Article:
Tesla is coming in for some harsh treatment, both in the media and on Wall Street.
The company’s stock has been serially downgraded by analysts, earnings have been predictably awful, and CEO Elon Musk has doubled down on various objective while at the same time initiating an acquisition of SolarCity, a company for which he serves as chairman and that was founded by his cousins.
This week, the Wall Street Journal dived into Tesla’s history of failing to live up to Musk’s ambitious promises, capping a period in which Tesla nay-saying has become pretty fashionable.
Even the usual point of contention with Tesla — sales, and whether the company can make its targets — has been abandoned as a metric. We could call this Tesla’s “whatever” moment, as those who closely follow the company give up on it ever beating expectations.
A history of misses
But we shouldn’t get too fixated on Tesla’s — and Musk’s — many misses. Why does Tesla always overpromise and under deliver? Because, at this point in the company’s history, there’s nothing to be gained from under promising and over delivering.
Don’t get me wrong, Tesla has wildly over delivered on the product side. It’s cars are widely considered, by owners, observers, and the motoring media, to be incredible.
But on the business side, the story has generally been one of missed targets and delayed launches. The Model X, spectacular though it may be, was two years late. There’s certainly no guarantee that Tesla next vehicle, the mass-market Model 3, slated to arrive in 2017, will be different. In fact, a betting man might prepare himself for 2018 or 2019.
This isn’t troubling. This is good business.
The vision thing
Ultimately, Tesla is a company constructed out of a vision: change the world. Replace fossil-fuel-powered transportation with clean vehicles. You might be sceptical about this, but trust me — this is what Musk believes. This is what drives him, far more than money. (He’s already spent a fortune once and would be happy to do it again.)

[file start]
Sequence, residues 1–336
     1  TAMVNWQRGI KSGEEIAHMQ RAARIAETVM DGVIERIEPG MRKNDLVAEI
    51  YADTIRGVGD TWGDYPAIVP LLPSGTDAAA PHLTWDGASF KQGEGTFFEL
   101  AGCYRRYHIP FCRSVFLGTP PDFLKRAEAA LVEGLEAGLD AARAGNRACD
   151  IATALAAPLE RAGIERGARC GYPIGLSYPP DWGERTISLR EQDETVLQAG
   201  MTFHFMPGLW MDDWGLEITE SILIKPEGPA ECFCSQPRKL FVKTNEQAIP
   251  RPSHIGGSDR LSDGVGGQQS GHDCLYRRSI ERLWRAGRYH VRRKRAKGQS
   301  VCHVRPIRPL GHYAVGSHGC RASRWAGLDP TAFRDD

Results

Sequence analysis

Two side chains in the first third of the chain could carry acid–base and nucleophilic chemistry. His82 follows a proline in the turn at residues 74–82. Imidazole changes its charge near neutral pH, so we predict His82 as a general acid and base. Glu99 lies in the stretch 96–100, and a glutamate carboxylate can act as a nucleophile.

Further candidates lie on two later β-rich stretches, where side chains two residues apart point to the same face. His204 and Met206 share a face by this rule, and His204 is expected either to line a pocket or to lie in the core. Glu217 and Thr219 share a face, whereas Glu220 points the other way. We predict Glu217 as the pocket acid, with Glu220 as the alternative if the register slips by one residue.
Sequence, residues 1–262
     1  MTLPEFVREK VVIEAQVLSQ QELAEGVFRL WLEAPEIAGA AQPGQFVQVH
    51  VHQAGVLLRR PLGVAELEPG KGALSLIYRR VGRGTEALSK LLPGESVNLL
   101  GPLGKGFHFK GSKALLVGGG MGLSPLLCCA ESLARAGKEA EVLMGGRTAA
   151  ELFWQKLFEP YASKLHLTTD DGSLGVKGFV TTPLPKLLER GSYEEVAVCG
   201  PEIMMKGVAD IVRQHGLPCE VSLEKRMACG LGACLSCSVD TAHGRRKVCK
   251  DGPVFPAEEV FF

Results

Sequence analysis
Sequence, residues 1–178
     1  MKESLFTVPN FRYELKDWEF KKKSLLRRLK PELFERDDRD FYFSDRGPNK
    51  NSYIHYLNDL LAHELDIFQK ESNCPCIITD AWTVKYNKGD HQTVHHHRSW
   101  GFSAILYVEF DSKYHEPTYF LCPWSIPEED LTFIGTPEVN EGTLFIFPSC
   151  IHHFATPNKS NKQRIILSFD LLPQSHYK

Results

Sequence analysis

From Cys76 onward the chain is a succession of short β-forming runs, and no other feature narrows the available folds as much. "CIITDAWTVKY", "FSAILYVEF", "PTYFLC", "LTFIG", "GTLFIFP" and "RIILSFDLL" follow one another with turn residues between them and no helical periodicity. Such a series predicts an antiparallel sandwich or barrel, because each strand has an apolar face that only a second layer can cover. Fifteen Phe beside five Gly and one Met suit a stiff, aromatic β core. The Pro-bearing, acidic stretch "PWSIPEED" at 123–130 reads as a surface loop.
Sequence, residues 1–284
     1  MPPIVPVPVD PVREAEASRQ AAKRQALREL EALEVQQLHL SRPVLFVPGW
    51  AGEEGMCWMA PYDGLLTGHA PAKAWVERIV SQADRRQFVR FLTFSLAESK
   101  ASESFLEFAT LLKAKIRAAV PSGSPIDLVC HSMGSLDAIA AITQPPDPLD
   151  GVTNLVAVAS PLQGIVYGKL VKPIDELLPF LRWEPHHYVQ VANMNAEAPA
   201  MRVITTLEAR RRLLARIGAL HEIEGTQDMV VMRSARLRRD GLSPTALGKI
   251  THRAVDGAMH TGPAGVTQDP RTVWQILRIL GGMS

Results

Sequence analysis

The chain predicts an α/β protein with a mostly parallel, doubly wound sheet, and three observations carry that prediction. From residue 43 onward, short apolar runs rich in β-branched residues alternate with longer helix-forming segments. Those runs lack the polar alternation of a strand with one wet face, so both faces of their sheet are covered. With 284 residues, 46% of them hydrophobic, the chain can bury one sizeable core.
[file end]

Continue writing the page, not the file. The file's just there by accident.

Job One at Tesla is to nurture and perpetuate that vision. Musk doesn’t want Tesla to grow up to be Ferrari — he wants it to displace the Toyotas and GMs of the world, or at least compel them to join him in transforming the way we get around.
Ferrari doesn’t need to assure anyone that it will beat expectations. The Italian supercar maker says it will build about 8,000 beautiful cars every year, and it builds 8,000 beautiful cars every year, selling them all. In the future, it may build more. But everything would be fine for the brand if it remained where it is.
Tesla is a completely different story. You don’t change the world without expressing ambitious stretch goals. Ultimately, you don’t have much of a story without ambitious stretch goals. So Musk really has no choice but to overpromise, knowing that underdelivering is probable.
This causes plenty of volatility with the stock price, the $100 swings over time. But anyone who understands the auto industry knows what Tesla is up against. There’s a reason why new car companies come along only every few decades. And don’t forget that Tesla isn’t just trying to be a new car company — it’s trying to be a car company that’s commercialising a technology, electric propulsion, that has never played a significant role in the history of the automobile.
No Big Failure
Tesla’s small failures, in the this context, are preferable to the Big Failure, which would of course be the company vanishing like so many car-of-the-future startups. Musk presents Tesla as being better than it is — better at technology, better at manufacturing — because that fuels the narrative. It’s analytically frustrating to see Tesla heading once again into a second half of 2016 that will probably disappoint, as the automaker is likely to just make it guidance for 80-90,000 deliveries. But in the grand scheme of things, it’s a blip.
It’s a blip because to really get Tesla, you need to accept the vision and put yourself 10 or 20 years into the future. If you do that, you can imagine a world in which 500,000 Teslas hit the road every year and the global fleet of vehicles is being decisively converted from gas power to electric.
In that world, whether Tesla delivers 80,000 cars in 2016 or 79,000 is unimportant. And whatever Tesla overpromised has been completely superseded by the vastness of its eventual over delivery. If you accept that Tesla is on this path, then you need to prepare to be continually disappointed for the next 10 years. This is a company built on a big idea. And big ideas don’t often happen on schedule.